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Thread: Data for comparing solar pool heating performance

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    Data for comparing solar pool heating performance

    It would be very helpful to me if some of you good folk who use solar heating for the pool could post your heater panels performance figures. i.e. flow rate and temperature rise in full sun and little or no wind. I need the information to see just how effective, or otherwise, my humble efforts have been.

    A heater goodness factor could be obtained by multiplying the flow rate through the solar heater in US gallons per minute by the difference in temperature between the pool and the water returning to the pool having passed through the heater.

    My figures for my DIY system with flow rates of 14.04, 9.36 and 5.46 gallons/minute and temperature rise of 9, 12.6 and 16.2 degrees Fahrenheit giving a goodness factor of 126.36, 117.936 and 88.452. This indicates to me that the higher the flow rate the better and that one could assume that high flow rates rather than high temperature rise suggests a more efficient system.

    In case you prefer metric here are the figures in those units: Flow rate through the solar heated pipes 54 litres/minute 5 degrees rise (Celsius) on the return to the pool, 36 litres/minute 7 degrees rise, 21 litres/minute 9 degree rise. Pool is 75 000 litres and solar heated pipes are some 260 metres (853 feet) of 100mm (4 inch) plastic pipe painted black with non-reflective blackboard paint................JR.

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    mas985's Avatar
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    Re: Data for comparing solar pool heating performance

    Heat transfer in solar panels is proportional to the temperature difference between the water and the incident heat from the sun. So this why heat transfer increases with increasing flow rates. However, the effect does taper off at a certain level depending on the solar panel used. Most panels reach about 80% efficiency after which the heat loss in the panels takes over and you really can't achieve much more than that. For Fafco panels, this about 4 GPM per panel.

    If you are interested in the relative efficiency of panels, this link contains data for many manufactures. Notice that most panels will produce about 1000 BTU/Sq-ft/Day.
    Mark
    Hydraulics 101; Pump Ed 101; Pump and Pool Spreadsheets; Pump Run Time Study; DIY Acid Dosing; DIY Cover Roller
    18'x36' 20k plaster, 1/2 HP 2sp pump, Aqualogic PS8 SWCG, 420 sq-ft Cartridge, Solar, 6 jet spa, 1 HP jet pump, 400k BTU NG Heater, ThePoolCleaner

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    Re: Data for comparing solar pool heating performance

    Also, as I show in the tables in this post, for flat black unglazed (that is, not glass enclosed) panels of the type you describe, they are very sensitive to the difference in temperature between the water in the panels and the air and are also very sensitive to wind if there is such a temperature difference.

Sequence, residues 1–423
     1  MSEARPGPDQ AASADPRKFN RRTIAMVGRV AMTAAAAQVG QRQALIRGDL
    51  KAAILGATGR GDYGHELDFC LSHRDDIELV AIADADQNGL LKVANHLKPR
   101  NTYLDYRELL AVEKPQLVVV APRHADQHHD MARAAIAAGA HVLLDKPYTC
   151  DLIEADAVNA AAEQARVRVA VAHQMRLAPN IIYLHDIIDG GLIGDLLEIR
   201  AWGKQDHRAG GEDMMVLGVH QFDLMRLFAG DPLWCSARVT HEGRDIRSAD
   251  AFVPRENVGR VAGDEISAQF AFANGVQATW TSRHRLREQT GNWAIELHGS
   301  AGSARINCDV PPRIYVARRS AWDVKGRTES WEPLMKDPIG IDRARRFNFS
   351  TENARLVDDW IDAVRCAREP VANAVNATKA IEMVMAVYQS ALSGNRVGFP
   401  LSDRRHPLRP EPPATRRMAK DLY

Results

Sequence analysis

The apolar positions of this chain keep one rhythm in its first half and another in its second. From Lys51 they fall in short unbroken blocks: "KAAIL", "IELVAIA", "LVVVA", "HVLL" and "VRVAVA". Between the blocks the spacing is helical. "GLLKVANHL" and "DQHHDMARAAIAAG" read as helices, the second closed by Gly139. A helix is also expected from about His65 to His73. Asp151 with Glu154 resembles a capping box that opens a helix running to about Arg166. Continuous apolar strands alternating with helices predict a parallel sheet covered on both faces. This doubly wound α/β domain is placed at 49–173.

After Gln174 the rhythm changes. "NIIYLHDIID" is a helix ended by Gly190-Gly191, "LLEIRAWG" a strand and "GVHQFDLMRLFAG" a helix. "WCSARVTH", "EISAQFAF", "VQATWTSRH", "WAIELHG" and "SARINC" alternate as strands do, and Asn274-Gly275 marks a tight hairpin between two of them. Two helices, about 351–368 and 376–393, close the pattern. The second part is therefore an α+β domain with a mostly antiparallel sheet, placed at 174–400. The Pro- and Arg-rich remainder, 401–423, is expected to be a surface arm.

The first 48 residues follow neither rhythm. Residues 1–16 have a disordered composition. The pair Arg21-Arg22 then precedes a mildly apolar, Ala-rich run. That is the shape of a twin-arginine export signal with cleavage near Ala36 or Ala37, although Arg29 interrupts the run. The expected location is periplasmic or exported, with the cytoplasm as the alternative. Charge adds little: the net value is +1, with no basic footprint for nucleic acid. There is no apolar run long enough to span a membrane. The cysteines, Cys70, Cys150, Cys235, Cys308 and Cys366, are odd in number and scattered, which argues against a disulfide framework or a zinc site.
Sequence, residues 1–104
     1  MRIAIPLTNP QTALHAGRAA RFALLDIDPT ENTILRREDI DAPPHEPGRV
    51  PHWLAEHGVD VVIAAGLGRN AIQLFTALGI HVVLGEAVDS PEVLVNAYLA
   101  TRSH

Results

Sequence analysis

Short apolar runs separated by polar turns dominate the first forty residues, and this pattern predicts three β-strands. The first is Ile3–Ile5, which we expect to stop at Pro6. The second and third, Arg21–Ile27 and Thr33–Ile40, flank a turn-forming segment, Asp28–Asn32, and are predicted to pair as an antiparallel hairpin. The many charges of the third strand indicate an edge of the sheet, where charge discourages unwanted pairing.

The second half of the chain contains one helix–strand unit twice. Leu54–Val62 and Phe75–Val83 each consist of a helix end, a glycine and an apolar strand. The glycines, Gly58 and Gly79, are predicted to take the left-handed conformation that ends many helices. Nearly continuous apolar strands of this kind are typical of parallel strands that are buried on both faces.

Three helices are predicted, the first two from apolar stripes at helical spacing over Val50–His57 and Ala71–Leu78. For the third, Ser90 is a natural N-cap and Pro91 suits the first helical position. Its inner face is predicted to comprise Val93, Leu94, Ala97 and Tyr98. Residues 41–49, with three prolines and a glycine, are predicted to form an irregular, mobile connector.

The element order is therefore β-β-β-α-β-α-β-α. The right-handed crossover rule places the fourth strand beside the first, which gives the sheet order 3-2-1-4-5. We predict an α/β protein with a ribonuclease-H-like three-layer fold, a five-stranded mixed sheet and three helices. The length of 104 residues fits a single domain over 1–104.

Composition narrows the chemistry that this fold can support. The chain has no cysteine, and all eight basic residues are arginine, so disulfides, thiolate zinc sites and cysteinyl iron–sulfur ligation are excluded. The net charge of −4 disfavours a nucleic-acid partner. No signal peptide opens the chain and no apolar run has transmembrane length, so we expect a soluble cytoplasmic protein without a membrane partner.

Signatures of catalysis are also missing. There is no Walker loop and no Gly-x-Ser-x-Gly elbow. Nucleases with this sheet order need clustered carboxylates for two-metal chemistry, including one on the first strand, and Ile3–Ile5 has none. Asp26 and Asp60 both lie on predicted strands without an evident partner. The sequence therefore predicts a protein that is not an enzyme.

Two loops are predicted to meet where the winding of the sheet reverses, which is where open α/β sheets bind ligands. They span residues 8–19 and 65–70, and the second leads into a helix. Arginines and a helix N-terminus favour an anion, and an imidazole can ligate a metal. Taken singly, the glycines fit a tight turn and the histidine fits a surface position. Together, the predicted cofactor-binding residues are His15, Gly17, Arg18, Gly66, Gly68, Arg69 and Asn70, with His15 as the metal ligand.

As Mark noted, higher flow rates reach diminishing returns, especially since they require far higher energy costs for the higher pump speeds and greater flow resistance.

    Assuming 80% panel efficiency so no or minimal temperature difference with little or no wind, then if one had panels of the same area as a pool with an average water depth of 4.5 feet, this would result in a temperature increase of around 0.9ºF per hour at peak solar noon. For comparison, a white plaster pool absorbing the sun's energy via the water would have the water temperature rise by about 0.7ºF per hour at peak (a black bottom pool could gain as much as 1ºF per hour at peak) as described in this link. Of course, there is heat loss from evaporation, but this is usually less than the heat gain from the sun during the day which is why it makes sense to cover the pool at night (at least) since evaporation and heat loss still occurs.

    The heating rates for my pool with Fafco panels pretty much tracks what is predicted from the panels alone as my pool is usually covered with an opaque electric safety cover.
    16,000 gallon outdoor in-ground 16'x32' plaster pool; Pentair Intelliflo VF pump; Pentair IntelliTouch i9+3s control system; Jandy CL-340 square foot cartridge filter
    12 Fafco solar panels; Purex Triton PowerMax 250 natural gas heater (200,000 BTU/hr output); automatic electric pool safety cover; 4-wheel pressure-side "The Pool Cleaner"

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    Re: Data for comparing solar pool heating performance

    Thanks for coming back on this folks and Hi again Chem Geek you are a long way from the Complete France forum just now, I don't think Pool Guy visits this site!

    My problem is that all I have is my experimental results obtained simply by measuring the flow rate with a bucket of known capacity and a stop watch and a thermometer. I have guessed that about a little less than a third of the circumference of my 4 inch diameter pipe picks up significant energy from the sun and I have taken readings at the solar peak when the pipe is broadside on to the sun which is when, I assume, the energy picked up should be at a maximum. From this I deduce that the area equivalent of my DIY system is about 26 square meters (280 sq feet), i.e. a tad more than half the surface area of the pool.

    Flat plate manufactures quote performance figures typically in term of BTUs/square foot and whilst it might be possible to convert my figures to such I must confess I am at a bit of a loss to know how to do that, just getting old and silly I guess, so I am finding it difficult to make comparisons. Any suggestions?.................................JR

    PS If I take 1000 BTUs/Sq foot/day and assuming a day when there is a reasonable amount of sunshine is 8 hours then this equates to 2.08 BTUs/sq foot/minute. Taking my own reading of 14.04 gallons/minute or 112.32 pints/minute and a temperature rise of 9 degrees F gives me 1010 BTUs/minute over 280 square feet gives me 3.61 BTUs/sq foot/minute. However my figures were taken at the solar peak and near the beginning and end of an 8 hour period the temperature rise obtained would be less so an average BTU input would be less than the 3.61 BTUs calculated. So my system will not be as good as it appears to be at first sight. A comparison therefore is still not really possible or have I got my math wrong which would not surprise me in the least?